wherein said means for determining is capable of storing and manipulating multiple resistivity and multiple thickness data;
means for transforming a first signal set output by said means for measuring to a second signal set readable by said means for determining;
wherein said means for transforming includes an interface board:
wherein said interface board receives said first signal set and emits said second signal set for receipt by said means for determining when an appropriate signal is received from said means for determining;
wherein said interface board includes four inputs, first resistors connecting each of said inputs, transistors, each having a base, a collector, and an emitter, connecting each of said first resistors at said bases of said transistors, ground connecting each of said transistors at said emitters of said transistors, inverters and second resistors connecting each of said transistors at said collectors of said transistors, said second resistors each connecting a voltage source, one of said transistors connecting at said collector of said transistor a second inverter, said second inverter connecting a flip-flop, and said flip-flop connecting a second voltage source.
2. A method for measuring thicknesses of a layered workpiece in a silicon integrated circuit manufacturing process, comprising the steps of:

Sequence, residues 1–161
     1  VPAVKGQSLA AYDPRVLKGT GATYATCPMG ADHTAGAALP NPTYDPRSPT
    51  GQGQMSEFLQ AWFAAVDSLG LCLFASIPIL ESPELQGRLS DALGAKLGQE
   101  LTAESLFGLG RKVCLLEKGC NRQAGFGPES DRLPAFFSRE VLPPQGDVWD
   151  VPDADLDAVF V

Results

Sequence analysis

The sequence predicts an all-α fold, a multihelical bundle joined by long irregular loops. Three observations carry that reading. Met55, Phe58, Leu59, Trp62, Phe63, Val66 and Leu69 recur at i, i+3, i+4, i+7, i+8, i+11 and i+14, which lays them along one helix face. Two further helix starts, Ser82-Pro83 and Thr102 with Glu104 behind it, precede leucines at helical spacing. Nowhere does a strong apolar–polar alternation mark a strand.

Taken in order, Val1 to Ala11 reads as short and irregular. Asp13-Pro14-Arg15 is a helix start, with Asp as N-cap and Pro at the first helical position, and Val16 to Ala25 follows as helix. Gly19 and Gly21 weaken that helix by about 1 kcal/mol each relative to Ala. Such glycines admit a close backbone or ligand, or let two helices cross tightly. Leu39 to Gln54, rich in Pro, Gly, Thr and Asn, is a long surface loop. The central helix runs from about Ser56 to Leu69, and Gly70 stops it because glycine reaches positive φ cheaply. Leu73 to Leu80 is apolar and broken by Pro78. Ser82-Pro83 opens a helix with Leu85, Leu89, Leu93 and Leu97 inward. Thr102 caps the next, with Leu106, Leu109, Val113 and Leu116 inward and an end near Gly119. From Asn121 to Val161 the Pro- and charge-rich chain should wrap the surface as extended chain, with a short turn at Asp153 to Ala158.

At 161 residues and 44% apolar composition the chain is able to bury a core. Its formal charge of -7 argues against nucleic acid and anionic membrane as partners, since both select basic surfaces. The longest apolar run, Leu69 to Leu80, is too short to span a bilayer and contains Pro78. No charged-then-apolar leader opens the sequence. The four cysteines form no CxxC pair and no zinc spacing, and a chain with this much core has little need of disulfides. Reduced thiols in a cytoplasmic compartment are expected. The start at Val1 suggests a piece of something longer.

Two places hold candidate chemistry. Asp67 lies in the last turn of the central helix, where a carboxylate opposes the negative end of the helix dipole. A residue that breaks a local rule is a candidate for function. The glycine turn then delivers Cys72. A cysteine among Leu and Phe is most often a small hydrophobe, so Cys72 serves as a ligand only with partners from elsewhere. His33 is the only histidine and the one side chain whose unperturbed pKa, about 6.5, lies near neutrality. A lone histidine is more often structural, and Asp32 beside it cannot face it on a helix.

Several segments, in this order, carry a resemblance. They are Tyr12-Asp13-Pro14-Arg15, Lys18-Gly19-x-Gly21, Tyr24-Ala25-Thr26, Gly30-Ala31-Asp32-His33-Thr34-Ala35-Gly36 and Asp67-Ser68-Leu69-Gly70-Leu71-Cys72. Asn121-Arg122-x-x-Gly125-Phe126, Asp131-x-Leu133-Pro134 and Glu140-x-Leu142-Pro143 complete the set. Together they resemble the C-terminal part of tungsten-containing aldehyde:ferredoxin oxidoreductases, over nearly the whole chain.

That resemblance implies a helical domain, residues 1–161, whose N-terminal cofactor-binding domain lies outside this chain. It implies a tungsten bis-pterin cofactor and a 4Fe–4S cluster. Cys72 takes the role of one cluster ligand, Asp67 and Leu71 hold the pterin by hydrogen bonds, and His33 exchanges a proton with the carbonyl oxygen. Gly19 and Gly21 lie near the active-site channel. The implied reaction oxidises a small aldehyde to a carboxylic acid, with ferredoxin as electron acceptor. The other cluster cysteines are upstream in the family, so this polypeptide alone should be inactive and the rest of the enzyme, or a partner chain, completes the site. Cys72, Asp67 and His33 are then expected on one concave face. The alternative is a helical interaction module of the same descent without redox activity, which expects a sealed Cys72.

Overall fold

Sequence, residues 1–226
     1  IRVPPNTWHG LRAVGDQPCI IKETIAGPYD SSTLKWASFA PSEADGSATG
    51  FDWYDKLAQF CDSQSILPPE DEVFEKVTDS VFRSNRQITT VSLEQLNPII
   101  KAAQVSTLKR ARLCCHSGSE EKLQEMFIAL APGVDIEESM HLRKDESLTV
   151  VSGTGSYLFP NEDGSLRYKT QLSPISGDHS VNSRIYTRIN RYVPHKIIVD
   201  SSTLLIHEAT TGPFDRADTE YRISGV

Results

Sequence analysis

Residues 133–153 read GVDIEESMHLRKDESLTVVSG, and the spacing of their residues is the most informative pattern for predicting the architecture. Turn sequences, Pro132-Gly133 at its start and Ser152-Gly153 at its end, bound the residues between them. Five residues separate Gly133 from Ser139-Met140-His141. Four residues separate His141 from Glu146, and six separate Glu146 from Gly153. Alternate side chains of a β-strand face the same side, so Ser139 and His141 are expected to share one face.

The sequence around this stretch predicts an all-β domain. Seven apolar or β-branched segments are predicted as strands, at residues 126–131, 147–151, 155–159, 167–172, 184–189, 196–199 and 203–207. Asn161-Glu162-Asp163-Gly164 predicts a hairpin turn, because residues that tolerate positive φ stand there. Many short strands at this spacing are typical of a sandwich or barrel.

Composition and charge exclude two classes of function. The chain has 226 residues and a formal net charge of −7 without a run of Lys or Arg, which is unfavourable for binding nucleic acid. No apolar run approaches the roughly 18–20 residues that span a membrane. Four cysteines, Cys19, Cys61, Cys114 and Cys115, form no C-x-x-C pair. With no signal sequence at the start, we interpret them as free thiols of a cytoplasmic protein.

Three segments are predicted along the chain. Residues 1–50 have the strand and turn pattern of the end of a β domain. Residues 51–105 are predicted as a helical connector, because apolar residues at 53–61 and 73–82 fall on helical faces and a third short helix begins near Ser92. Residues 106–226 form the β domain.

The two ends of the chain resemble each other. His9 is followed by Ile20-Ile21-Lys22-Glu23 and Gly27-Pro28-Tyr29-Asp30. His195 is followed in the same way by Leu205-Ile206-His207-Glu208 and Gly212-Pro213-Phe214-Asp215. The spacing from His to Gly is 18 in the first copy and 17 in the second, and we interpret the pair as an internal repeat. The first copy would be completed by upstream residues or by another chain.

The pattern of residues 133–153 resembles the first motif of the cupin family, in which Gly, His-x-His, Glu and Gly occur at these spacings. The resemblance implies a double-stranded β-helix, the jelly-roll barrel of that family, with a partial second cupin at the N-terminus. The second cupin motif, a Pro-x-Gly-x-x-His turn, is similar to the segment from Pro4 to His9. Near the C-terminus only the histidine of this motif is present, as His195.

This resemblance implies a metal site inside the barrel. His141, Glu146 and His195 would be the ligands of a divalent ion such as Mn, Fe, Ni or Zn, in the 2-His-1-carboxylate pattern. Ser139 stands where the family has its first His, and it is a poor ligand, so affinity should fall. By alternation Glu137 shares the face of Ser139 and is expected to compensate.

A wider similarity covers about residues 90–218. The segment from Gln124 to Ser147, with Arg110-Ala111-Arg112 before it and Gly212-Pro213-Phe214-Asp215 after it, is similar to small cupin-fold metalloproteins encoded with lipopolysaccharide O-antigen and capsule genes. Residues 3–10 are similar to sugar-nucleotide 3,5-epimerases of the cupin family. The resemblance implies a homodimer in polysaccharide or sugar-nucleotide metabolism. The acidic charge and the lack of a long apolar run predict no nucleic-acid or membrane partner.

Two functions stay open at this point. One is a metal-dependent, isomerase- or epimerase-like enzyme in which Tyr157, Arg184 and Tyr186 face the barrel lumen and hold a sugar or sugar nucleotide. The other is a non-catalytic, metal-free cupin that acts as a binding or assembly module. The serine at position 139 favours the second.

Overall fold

measuring a resistivity of said workpiece; and
determining a thickness of said workpiece layers from said resistivity;
transforming a first signal set output in said measuring step to second signal set readable in said determining step;
wherein said step of transforming is performed via an interface board;
wherein said interface board includes four inputs, first resistors connecting each of said inputs, transistors, each having a base, a collector, and an emitter, connecting each of said first resistors at said bases of said transistors, ground connecting each of said transistors at said emitters of said transistors, inverters and second resistors connecting each of said transistors at said collectors of said transistors, said second resistors each connecting a voltage source, one of said transistors connecting at said collector of said transistor a second inverter, said second inverter connecting a flip-flop, and said flip-flop connecting a second voltage source.